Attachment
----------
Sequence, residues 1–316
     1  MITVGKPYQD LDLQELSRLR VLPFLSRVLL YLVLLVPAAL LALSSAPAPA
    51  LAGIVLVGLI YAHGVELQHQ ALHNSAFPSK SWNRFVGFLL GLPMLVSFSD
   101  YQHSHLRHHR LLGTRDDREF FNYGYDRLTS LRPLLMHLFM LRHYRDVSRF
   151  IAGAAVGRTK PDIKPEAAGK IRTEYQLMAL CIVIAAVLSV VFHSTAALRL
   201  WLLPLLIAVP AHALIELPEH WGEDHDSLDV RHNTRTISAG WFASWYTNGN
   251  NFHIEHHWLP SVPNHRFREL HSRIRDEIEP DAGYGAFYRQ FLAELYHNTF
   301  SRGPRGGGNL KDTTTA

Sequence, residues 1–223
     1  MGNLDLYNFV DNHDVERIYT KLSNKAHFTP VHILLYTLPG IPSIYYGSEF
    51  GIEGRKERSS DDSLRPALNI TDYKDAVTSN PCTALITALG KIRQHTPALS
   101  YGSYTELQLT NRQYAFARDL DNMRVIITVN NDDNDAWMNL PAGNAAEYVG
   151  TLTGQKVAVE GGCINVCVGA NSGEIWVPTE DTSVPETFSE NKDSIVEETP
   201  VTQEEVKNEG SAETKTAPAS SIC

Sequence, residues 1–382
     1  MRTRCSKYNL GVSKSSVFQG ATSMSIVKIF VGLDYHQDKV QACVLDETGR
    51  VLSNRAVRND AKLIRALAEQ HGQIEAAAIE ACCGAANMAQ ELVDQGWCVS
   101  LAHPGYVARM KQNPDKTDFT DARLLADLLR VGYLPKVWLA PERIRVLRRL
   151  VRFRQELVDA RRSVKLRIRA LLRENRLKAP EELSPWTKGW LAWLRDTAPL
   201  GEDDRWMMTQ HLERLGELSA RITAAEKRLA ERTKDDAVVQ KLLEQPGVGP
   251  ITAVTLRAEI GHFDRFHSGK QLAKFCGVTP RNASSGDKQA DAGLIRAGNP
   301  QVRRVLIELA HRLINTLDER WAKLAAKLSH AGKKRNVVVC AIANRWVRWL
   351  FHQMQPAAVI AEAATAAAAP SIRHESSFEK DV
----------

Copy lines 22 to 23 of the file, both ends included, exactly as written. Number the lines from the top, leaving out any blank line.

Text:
   301  QVRRVLIELA HRLINTLDER WAKLAAKLSH AGKKRNVVVC AIANRWVRWL
   351  FHQMQPAAVI AEAATAAAAP SIRHESSFEK DV